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Filling a Critical Need by Establishing a Fully Functioning, CODIS Dedicated Laboratory

NCJ Number
Date Published
June 2012
101 pages
This report describes the planning and implementation of a project that created an automated, fully functioning laboratory dedicated for CODIS DNA sample profiling in Wyoming.
Prior to this project, there was no equipment or laboratory space at the Wyoming State Crime Laboratory (WSCL) dedicated for this purpose. A grant by the U.S. Justice Department's National Institute of Justice funded the purchase of the laboratory test equipment necessary for this project. The Wyoming State Legislature funded the construction of a State laboratory building complex that contains over 1,000 square feet of space for the CODIS laboratory and CODIS administrative functions. The facility was completed in November 2010. Offender DNA samples are currently being collected and archived with Bode buccal collectors. The method for processing convicted-offender DNA samples uses BSD punchers for the robotic placement of 1.2mm punches in a 96 well plate. Punches are directly amplified without extraction or quantitation using Applied Biosystems (AB) Identifiler Plus kits. The amplification is performed using a Qiagen QIAgility robot, and amplification is performed in an AB 9700 thermal cycler. Analysis is performed with an AB 3500 eight-capillary genetic analyzer and AB GeneMapper ID-X data analysis software. The process is managed by Database Manager, an internally developed Excel-based Visual Basic for Applications (VBA) information management system that facilitates all aspects of the methodology. The current first-pass success rate for convicted-offender samples is greater than 95 percent. Samples that are not initially successful and difficult samples are re-routed through The WSCL Casework DNA laboratory for a more conventional analysis that includes DNA extraction and quantitation. DNA sample backlog has been significantly reduced by processing all convicted-offender DNA samples at the WSCL's CODIS laboratory. The turn-around time from sample reception to database entry has been reduced from just over 2 years to less than 60 days. 27 figures and appended software validation and method validation summaries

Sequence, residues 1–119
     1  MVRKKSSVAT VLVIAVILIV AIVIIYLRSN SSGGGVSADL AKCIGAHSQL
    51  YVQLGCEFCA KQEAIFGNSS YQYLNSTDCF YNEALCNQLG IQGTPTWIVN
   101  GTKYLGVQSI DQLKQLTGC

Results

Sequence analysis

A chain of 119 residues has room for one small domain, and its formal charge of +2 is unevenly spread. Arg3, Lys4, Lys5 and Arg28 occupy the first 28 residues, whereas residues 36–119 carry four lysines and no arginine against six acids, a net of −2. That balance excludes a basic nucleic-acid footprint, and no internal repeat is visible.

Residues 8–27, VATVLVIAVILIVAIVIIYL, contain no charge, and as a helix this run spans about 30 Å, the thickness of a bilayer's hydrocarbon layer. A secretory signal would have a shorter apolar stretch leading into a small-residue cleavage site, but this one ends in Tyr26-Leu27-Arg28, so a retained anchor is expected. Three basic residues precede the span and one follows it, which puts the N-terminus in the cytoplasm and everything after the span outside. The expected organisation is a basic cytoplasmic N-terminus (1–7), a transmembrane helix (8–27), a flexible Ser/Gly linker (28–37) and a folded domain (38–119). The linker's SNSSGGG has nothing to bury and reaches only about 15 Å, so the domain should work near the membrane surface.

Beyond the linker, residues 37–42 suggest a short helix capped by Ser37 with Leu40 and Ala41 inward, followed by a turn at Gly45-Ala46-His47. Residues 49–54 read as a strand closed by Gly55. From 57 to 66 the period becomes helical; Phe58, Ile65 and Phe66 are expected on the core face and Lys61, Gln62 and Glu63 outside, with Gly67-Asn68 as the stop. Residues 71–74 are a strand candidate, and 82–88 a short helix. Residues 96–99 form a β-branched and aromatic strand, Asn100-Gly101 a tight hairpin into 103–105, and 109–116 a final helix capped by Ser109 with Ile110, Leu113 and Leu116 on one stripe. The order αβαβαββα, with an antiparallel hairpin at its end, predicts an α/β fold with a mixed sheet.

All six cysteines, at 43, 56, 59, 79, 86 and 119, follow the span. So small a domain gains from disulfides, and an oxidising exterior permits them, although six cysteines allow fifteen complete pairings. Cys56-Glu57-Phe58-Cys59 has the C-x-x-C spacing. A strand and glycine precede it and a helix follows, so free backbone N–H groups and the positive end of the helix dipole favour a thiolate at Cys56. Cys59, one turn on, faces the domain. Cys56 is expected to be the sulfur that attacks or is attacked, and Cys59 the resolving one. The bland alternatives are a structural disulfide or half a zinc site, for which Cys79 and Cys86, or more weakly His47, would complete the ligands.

Date Published: June 1, 2012